Returning from AWOLFebruary 15, 2021
Returning from AWOL
AWOL stands for "absent without leave." It is a status given to a Servicemember who is not at their assigned place of duty. Typically, after a Servicemember is AWOL for a certain number of days, his/her status will change to being a deserter (using a DD Form 553). For the purposes of this article, it does not matter if a Servicemember is considered AWOL or is formally a deserter.
Believe it or not, units do not typically search for members of their unit that are AWOL. Perhaps more alarmingly, there is no task force that searches for AWOL Servicemembers. The military simply completes paperwork that puts a warrant in Civilian Law Enforcement databases which indicates that the Servicemember is AWOL. Commands will also typically write letters to the Servicemember's family, urging their return. What this means is that if a Servicemember leaves his/her unit, he/she will not be returned unless they have an interaction with Law Enforcement that results in their name being run through the warrant database. An example of this would be a traffic stop (possibly) or an arrest for unrelated conduct.
In these situations, typically the Civilian Law Enforcement agency will contact the Military Police at the Servicemember's old installation to arrange a transfer. These types of situations, where an AWOL Servicemember is arrested and returned to their unit in constraints, is the worst possible way to return. In fact, "terminated by apprehension" is an added element to AWOL/Desertion that can be added on that could result more punishment (i.e. jail time). Furthermore, if a Servicemember is arrested and returned to his/her unit, he/she will most likely be placed in Pretrial Confinement, explained more at this link.
Obviously, a Servicemember wishing to return from AWOL should voluntarily turn themselves in. This can be done by showing back up at the Servicemember's last base or by simply going to the Military Police at the nearest military installation. If a Servicemember shows up at the nearest military installation, it is possible that a unit at that location will process him/her out. However, it is also possible that the Servicemember could be returned to their old unit for processing.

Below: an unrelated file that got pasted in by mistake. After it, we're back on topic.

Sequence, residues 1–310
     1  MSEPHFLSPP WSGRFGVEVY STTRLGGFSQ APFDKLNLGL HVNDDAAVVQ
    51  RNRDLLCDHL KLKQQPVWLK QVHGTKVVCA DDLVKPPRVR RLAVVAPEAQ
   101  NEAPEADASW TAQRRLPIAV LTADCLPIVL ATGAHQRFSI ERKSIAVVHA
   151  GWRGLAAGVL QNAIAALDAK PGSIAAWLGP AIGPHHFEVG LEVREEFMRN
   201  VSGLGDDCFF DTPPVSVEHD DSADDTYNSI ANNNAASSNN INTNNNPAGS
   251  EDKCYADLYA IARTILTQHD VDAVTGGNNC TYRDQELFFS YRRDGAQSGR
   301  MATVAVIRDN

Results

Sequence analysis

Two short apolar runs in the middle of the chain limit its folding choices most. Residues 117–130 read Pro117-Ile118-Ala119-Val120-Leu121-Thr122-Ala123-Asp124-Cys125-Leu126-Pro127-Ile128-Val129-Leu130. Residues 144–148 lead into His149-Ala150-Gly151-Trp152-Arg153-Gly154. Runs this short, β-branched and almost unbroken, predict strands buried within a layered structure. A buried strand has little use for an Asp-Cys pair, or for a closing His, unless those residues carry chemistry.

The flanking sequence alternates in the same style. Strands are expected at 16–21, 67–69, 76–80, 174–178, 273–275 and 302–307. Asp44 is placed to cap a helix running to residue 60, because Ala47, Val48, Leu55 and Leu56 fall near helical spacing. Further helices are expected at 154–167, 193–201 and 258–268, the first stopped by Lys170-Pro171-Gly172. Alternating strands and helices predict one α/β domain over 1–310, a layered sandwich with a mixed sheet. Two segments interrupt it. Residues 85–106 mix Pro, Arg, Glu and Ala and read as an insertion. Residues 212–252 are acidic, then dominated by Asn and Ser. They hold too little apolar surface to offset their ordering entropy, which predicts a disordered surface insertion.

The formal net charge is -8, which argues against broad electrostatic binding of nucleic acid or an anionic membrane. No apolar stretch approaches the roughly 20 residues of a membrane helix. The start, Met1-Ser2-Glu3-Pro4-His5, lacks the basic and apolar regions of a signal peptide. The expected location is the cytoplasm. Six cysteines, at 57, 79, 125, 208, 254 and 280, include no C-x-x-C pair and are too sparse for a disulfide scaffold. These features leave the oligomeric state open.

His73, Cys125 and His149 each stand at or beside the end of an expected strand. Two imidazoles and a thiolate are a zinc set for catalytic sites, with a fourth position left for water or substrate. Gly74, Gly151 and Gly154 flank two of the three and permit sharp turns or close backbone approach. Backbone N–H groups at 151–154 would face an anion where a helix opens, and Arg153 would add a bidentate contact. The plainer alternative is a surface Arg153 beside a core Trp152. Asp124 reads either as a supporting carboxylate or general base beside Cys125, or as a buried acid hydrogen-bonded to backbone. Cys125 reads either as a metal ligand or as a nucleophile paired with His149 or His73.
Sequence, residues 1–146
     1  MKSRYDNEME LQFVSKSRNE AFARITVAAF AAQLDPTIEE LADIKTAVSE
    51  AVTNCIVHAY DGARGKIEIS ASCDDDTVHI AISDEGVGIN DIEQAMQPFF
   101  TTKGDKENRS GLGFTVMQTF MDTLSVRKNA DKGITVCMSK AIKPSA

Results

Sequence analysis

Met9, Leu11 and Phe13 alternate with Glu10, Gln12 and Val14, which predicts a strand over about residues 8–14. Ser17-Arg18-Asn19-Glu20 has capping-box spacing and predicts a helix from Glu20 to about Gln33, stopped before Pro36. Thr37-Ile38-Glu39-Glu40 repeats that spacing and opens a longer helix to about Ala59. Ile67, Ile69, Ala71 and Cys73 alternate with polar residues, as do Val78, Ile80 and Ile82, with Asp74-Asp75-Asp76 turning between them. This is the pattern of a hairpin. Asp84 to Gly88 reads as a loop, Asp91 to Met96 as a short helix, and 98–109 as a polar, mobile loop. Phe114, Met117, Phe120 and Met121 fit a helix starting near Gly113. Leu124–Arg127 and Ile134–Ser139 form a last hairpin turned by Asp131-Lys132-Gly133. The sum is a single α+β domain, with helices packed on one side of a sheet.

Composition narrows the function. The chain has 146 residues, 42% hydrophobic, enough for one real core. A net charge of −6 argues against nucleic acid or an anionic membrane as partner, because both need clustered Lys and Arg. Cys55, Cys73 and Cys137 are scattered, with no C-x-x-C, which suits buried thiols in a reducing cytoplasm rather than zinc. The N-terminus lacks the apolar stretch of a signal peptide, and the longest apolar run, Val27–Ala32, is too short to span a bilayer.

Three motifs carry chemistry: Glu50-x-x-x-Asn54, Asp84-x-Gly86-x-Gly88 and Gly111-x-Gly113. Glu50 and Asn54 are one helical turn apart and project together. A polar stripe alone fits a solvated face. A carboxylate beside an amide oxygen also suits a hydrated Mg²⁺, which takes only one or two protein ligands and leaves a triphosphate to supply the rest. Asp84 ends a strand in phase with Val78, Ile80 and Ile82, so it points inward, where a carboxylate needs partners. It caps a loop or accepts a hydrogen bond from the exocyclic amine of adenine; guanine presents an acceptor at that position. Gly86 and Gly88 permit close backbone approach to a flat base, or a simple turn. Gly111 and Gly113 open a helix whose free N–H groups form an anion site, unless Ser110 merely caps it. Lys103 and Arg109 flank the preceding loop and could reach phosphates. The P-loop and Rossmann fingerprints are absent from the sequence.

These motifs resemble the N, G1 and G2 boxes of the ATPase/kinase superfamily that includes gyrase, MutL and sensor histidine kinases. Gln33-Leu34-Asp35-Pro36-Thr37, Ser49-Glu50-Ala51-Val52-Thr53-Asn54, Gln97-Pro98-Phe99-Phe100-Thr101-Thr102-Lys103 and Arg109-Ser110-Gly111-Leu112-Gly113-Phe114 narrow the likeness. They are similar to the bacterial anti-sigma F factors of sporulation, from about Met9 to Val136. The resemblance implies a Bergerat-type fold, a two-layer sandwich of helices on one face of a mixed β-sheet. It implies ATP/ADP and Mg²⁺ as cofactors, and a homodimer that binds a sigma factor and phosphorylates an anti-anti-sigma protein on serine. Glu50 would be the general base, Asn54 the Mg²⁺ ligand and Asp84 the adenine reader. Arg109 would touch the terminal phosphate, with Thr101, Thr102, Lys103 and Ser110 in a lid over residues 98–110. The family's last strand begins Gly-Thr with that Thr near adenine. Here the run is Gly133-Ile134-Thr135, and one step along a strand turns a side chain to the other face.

When this happens, Servicemembers are sometimes driven back by members of his/her old unit. Sometimes, however, Servicemembers are ordered to report back to his/her old unit on their own volition.
Choosing when and how to turn yourself in is a very important decision, and one that should be discussed with a Military lawyer before making it. Furthermore, Servicemembers returning from AWOL can retain a lawyer to contact his/her old unit and to negotiate a return.
Of course, Servicemembers returning from AWOL will face consequences. There was a time when Servicemembers came back from extended periods of AWOL and were just put back to work. This doesn't usually happen anymore. However, if the period of AWOL was very small, a unit may decide to take no action. Servicemembers returning from AWOL should expect to face the consequences discussed below.
It is possible for Servicemembers in this situation to be processed administratively; essentially, get "chaptered." In these situations, Servicemembers should expect to receive a General or Other than Honorable Discharge. Administrative separations for each Service is discussed at the following links: Army, Marines, Navy, Air Force, and Coast Guard.
It is also possible, and more likely, for Servicemembers returning from lengthy periods of AWOL to face Court-Martial charges. Sometimes in these situations, Commands are quick to accept Discharges in Lieu of Trial by Court-Martial (i.e. Chapter 10s, Chapter 4s). However, Commands will also sometimes push for a conviction, jail time, and a punitive discharge.
Returning from AWOL is a complicated process with potentially severe consequences. Any Servicemember who wishes to do this should consult with a Military Lawyer, who can assist with the return and follow on actions taken by the Command.
This article was written by Attorney Matthew Barry.